Brazilian cinema suffered irreplaceable losses on Thursday night, as a fire broke out at a storage facility at the Cinemateca Brasileira. The warehouse, which is located in the Vila Leopoldina district of São Paulo, stored over a million documents from state-owned Embrafilme, along with 250,000 Brazilian films from years past.
According to Brazilian Fire Chief, Karina Paula Moreira, “the fire started in one of the historical film collection rooms on the first floor, which is divided into three rooms” and led to a quarter of the buildings roof to collapse. Although police are still investigating the the cause of the fire, the event is being hailed by many in the Brazilian community as no accident. The Cinemateca Brasileira is one of the many cultural institutions across the country that relies on government funding. And one that was essentially deserted, as all the technical and firefighting staff had their contracts terminated in 2020 by the Brazilian government. Just earlier this month, a federal prosecutor by the name of Gustavo Torres filed a lawsuit noting the financial neglect the institution has suffered for decades and the imminent danger posed by a fire.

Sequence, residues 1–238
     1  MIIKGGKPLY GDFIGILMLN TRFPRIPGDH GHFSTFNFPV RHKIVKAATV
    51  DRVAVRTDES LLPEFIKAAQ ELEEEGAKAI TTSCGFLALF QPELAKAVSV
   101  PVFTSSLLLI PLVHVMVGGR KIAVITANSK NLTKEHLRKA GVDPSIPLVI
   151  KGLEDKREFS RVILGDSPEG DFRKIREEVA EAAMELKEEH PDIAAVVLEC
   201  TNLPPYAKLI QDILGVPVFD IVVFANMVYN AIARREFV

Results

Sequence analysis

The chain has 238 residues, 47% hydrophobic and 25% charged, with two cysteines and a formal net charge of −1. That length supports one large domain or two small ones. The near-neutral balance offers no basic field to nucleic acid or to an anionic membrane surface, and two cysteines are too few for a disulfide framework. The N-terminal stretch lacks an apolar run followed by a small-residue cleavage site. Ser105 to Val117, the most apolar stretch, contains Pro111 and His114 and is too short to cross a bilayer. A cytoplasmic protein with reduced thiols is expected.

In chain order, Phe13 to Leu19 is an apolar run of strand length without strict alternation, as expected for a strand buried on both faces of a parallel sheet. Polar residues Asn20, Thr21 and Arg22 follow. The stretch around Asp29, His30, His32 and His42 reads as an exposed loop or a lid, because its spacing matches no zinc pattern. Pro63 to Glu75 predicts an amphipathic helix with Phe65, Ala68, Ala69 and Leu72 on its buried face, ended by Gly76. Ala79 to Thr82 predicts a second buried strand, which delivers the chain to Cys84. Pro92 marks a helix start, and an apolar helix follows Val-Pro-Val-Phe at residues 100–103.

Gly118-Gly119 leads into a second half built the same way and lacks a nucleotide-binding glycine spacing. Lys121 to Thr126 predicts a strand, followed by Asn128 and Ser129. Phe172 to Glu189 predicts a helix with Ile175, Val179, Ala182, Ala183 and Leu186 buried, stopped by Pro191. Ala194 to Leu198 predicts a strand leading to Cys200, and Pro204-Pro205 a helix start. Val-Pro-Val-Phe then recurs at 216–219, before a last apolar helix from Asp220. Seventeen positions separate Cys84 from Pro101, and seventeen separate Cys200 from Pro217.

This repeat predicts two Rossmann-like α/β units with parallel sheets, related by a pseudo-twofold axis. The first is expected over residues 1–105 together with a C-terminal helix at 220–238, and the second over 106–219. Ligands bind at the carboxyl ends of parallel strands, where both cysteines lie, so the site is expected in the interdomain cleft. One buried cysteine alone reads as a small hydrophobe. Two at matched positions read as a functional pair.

After what transpired, João Doria, the governor of São Paulo, took to Twitter to state his frustration over the government’s “crime against the culture of the country”, one that will lead to “the gradual death of national culture.” For the institution had already suffered fires before in 1957, 1969 and 1982. Additionally, torrential rain in 2016 caused permanent damage to its collection — cementing the need to help maintain Brazil’s cinematic history. With president Jair Bolsonaro disbanding the Ministry of Culture back in 2019, these type of threats seem only imminent at this point.
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